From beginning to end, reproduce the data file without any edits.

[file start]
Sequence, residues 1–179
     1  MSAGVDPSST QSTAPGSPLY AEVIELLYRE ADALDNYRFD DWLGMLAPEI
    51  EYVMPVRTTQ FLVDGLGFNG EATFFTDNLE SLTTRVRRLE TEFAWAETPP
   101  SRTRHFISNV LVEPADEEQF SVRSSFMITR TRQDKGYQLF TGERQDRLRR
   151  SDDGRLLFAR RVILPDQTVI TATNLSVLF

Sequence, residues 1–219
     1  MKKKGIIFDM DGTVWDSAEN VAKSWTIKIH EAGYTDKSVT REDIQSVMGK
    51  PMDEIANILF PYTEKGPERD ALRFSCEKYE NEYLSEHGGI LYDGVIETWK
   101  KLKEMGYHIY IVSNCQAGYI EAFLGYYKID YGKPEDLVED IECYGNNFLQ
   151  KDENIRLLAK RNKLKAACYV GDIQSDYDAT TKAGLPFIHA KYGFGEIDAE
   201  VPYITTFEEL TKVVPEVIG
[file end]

Sequence, residues 1–179
     1  MSAGVDPSST QSTAPGSPLY AEVIELLYRE ADALDNYRFD DWLGMLAPEI
    51  EYVMPVRTTQ FLVDGLGFNG EATFFTDNLE SLTTRVRRLE TEFAWAETPP
   101  SRTRHFISNV LVEPADEEQF SVRSSFMITR TRQDKGYQLF TGERQDRLRR
   151  SDDGRLLFAR RVILPDQTVI TATNLSVLF

Sequence, residues 1–219
     1  MKKKGIIFDM DGTVWDSAEN VAKSWTIKIH EAGYTDKSVT REDIQSVMGK
    51  PMDEIANILF PYTEKGPERD ALRFSCEKYE NEYLSEHGGI LYDGVIETWK
   101  KLKEMGYHIY IVSNCQAGYI EAFLGYYKID YGKPEDLVED IECYGNNFLQ
   151  KDENIRLLAK RNKLKAACYV GDIQSDYDAT TKAGLPFIHA KYGFGEIDAE
   201  VPYITTFEEL TKVVPEVIG